A moment of silence, please, for my missing left breast. For the spreading lumps bubbling through me. Ripping me up from the inside.
I was my own once. Mine alone to throw about, to shred into pieces, to soak in gin and set alight on warm summer nights. I used to pull pints for three pound an hour and spend it on condoms and paracetamol. My name was Pet. Darling. Angel. I was Love herself.
And now, here I stand with my bare feet on crumby slate tiles. There is a cornflake under my heel and milk on my toenails. No more stilettos or polish for me.
My wee girl is in the doorway with her thumb in her mouth. I’ve told her so many times how dirty her hands are. That she was born with my blood under her nails. That she sunk her fingers in and gouged me on her way into the world. And still she clings on, when I have so little time left to spend.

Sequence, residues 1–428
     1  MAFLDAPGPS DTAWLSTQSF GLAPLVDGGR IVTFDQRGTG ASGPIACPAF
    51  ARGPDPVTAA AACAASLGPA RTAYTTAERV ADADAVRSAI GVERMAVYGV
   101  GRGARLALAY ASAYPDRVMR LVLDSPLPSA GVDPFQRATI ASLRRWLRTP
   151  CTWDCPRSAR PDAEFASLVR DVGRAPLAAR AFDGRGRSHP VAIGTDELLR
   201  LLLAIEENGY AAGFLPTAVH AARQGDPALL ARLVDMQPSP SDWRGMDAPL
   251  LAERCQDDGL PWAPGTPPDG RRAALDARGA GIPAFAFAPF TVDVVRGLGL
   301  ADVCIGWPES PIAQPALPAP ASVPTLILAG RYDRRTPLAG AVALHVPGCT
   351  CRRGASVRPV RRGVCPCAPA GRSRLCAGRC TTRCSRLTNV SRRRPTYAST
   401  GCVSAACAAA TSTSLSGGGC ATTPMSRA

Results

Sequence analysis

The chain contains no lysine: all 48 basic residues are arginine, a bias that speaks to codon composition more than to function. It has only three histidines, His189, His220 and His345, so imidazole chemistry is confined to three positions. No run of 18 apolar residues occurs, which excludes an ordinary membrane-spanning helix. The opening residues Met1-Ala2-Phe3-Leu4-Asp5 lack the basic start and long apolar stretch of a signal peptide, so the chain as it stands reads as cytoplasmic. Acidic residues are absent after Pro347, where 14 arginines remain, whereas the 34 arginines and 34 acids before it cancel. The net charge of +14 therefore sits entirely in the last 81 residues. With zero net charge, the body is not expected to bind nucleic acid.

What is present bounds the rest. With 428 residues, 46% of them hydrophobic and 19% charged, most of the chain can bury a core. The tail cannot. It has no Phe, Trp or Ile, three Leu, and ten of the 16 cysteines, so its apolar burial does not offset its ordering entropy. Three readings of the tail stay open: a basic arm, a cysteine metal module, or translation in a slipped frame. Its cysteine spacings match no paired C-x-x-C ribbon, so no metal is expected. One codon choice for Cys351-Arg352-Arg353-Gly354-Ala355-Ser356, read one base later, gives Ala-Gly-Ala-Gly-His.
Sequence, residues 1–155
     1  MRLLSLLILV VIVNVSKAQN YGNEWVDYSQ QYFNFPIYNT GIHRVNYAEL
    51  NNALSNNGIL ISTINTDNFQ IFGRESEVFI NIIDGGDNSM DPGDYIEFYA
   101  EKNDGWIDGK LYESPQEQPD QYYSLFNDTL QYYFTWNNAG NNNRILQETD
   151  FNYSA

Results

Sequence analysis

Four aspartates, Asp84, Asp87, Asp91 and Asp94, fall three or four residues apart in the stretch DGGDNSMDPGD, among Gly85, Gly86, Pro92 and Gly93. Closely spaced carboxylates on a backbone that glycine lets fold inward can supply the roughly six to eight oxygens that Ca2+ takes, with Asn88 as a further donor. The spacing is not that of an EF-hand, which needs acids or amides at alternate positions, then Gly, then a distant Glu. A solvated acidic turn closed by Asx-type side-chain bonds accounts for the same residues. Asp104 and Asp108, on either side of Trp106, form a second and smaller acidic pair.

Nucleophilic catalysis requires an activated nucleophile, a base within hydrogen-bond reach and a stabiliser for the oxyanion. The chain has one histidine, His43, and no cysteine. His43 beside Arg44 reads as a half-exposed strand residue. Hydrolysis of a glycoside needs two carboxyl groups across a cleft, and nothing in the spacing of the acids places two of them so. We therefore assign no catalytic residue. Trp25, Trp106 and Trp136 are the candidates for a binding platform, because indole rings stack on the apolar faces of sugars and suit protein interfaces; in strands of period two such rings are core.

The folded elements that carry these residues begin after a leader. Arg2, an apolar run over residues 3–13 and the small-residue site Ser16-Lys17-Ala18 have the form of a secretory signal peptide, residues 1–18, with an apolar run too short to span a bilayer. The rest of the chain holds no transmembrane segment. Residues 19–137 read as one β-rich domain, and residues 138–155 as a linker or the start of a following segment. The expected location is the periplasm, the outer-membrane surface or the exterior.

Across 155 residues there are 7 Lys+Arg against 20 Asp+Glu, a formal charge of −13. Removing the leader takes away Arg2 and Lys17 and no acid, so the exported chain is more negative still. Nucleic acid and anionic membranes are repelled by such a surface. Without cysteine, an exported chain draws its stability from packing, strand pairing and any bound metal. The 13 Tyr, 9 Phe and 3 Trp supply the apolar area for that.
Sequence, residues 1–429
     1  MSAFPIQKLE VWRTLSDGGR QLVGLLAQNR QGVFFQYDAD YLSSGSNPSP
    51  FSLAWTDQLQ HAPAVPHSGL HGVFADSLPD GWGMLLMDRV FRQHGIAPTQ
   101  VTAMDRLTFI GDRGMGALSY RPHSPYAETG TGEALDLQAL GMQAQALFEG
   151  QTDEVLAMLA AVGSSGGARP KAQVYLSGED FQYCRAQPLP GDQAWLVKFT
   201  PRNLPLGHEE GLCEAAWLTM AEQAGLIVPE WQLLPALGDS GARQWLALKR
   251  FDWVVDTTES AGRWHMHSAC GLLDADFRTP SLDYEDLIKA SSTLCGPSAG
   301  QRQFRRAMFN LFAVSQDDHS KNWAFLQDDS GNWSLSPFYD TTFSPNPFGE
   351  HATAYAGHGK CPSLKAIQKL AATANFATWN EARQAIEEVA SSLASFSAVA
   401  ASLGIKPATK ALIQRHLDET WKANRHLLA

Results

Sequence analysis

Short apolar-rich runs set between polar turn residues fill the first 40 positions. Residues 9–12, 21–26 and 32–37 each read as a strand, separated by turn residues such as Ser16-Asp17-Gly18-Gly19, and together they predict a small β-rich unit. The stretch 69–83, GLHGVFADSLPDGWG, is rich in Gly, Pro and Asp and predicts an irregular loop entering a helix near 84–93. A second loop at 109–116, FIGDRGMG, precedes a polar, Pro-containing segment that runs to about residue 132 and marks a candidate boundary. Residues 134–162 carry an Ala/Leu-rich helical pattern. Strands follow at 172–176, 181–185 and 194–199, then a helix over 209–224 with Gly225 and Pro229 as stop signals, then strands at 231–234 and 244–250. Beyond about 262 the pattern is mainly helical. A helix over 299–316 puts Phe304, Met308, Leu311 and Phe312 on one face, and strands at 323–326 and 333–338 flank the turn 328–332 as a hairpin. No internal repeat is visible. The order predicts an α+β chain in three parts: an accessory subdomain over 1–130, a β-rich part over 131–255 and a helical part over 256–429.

Now she wants to play house with me. I show her how to swaddle, how to breastfeed. I press my babydoll to my missing breast. I used to press the boys so hard…
“Your baba’s crying, mummy,” my daughter says.
We scold the babies, kiss them, shake them.
“No, don’t shake them,” I tell her. “Never shake a baby.”
We rock them, gently. We rock the babies back to sleep.
Sarah Jones is a Northern Irish writer, based in Oxford. Her work has appeared on the Reflex Fiction Blog, in Jupiter Magazine, and in multiple Oxford Writing Circle Anthologies. In 2017 she won the Young Writers in Oxford Award, and in 2021 she completed an MA in Creative Writing at Oxford Brookes. She tweets at @sazjo_what.